It will not be thought too much to say, that the great body of the Roman Catholics did not look upon the measure of legislative incorporation with an unfavourable eye, and that they expected from the wisdom of an united legislature the removal of grievances, to which they knew their own parliament would not consent. In the discussion of the question, it was, no doubt, a satisfactory reflection to those who possessed the elective franchise, that in the exercise of that power, they would not commit their interests solely to a body of men whom they had been too apt to regard as hereditary enemies, adverse to their religion and connections; but that those whom they should elect would be mixed with a vast majority of men, uninfluenced by local politics, and unbiassed by the prejudices imputed by them in general to the protestants and parliament of Ireland.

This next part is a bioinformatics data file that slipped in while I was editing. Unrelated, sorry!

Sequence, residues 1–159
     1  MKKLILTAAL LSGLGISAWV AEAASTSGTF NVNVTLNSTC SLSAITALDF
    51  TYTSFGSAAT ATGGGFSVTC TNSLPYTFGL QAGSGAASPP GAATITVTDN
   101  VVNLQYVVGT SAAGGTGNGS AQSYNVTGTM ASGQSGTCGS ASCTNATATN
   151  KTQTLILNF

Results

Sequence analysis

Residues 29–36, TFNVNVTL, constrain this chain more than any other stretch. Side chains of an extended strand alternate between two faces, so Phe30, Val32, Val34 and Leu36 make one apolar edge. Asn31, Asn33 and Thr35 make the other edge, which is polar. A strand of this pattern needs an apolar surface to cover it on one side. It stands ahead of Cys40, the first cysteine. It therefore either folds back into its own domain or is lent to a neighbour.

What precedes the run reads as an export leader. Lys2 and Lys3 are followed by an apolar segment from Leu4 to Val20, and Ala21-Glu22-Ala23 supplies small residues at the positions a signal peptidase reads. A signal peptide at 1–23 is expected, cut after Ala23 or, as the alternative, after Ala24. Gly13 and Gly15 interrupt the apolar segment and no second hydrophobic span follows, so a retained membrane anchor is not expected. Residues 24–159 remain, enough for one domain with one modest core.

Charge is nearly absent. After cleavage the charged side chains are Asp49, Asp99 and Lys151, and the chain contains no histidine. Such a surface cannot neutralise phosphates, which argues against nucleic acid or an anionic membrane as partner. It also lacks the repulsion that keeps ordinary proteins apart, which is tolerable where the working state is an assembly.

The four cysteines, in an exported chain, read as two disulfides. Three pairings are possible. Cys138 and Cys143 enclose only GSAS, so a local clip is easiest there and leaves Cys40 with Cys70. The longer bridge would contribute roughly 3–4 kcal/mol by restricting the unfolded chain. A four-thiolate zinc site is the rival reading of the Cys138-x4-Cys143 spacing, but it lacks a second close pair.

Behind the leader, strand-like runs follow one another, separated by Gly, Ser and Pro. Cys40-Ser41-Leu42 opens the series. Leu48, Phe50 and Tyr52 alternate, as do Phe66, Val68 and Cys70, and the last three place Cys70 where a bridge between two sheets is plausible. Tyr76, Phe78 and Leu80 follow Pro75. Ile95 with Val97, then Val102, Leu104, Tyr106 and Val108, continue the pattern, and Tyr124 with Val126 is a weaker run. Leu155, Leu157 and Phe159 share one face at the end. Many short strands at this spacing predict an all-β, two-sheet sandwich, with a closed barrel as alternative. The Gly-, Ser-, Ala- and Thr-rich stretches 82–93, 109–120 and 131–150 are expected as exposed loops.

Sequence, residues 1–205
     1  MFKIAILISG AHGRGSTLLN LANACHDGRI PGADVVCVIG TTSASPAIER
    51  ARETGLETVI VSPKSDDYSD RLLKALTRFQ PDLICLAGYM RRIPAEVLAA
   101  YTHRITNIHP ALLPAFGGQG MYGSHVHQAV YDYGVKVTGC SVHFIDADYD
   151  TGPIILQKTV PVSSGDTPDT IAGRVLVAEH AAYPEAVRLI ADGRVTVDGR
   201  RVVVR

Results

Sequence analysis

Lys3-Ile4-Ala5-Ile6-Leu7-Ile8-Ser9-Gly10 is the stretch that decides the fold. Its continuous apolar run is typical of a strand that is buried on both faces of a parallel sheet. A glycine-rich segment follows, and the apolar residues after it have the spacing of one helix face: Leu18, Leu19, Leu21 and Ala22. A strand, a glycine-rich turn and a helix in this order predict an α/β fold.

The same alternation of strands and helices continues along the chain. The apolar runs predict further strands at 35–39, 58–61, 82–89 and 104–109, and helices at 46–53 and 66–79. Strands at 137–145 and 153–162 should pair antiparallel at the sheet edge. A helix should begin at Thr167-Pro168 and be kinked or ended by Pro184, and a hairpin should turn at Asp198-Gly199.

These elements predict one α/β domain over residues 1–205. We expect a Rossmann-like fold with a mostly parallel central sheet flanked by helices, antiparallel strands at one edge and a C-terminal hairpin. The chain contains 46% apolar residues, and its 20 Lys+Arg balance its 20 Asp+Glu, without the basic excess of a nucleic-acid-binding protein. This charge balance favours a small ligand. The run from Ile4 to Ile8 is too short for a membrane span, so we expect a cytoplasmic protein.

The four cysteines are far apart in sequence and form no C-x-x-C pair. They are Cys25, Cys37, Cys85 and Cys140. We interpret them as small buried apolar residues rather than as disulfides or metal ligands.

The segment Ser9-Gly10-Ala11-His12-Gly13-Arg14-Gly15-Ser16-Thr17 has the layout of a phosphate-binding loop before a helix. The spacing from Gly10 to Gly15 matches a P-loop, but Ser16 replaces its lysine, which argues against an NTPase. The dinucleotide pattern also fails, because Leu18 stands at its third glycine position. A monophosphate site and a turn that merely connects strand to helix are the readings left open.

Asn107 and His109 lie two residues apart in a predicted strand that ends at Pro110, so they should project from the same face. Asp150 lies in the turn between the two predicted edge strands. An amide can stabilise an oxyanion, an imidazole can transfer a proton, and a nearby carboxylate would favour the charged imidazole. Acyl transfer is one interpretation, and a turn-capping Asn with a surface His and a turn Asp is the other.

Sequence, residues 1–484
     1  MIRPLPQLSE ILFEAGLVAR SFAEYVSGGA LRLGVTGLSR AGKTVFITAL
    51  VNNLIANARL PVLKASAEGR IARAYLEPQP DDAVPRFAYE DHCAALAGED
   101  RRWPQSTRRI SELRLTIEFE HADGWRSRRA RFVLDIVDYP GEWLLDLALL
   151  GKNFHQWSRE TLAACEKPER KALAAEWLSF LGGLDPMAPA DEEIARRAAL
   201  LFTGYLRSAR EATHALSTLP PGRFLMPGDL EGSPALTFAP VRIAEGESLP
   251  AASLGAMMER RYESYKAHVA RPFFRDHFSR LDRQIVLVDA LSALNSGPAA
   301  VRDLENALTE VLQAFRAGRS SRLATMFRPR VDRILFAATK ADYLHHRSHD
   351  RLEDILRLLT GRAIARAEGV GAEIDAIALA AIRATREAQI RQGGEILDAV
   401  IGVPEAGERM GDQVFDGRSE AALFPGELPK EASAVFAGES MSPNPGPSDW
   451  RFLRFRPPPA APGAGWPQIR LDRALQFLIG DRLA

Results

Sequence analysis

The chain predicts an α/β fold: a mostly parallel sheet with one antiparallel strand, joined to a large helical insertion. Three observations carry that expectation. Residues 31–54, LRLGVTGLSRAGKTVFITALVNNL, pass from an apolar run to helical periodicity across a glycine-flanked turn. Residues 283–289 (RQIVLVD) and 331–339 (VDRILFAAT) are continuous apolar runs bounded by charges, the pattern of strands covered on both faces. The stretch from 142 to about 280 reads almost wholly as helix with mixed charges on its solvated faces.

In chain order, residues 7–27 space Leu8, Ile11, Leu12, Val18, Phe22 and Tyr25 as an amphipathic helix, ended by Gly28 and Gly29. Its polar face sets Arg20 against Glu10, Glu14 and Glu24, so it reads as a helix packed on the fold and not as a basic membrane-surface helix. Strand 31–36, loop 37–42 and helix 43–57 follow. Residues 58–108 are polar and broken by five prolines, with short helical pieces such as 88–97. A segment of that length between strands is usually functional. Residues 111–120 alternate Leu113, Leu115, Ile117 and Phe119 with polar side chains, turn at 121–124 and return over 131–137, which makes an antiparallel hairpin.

The auspicious moment at length arrived for the legislative incorporation of both countries, and the Lord Lieutenant candidly announced the intention of the Sovereign to submit the question to the wisdom of parliament.

The public mind was thus called upon to declare itself, for some time before the union was formally proposed by the executive power, and the proceedings of the different bodies and assemblies of men upon the occasion, which either belonged to the city of Dublin, or met there, naturally become the subject of peculiar notice. Among these bodies the gentlemen of the Irish bar took the lead in point of talents, fortune, family, connections, and political influence; and it cannot be denied, that they were justly entitled, by their patriotic and splendid exertions for the independence and prosperity of the country, during a long series of years, to hold a more distinguished rank in the public esteem than any other class of men. They were decidedly hostile to the incorporative system; but that their opposition to it was not alto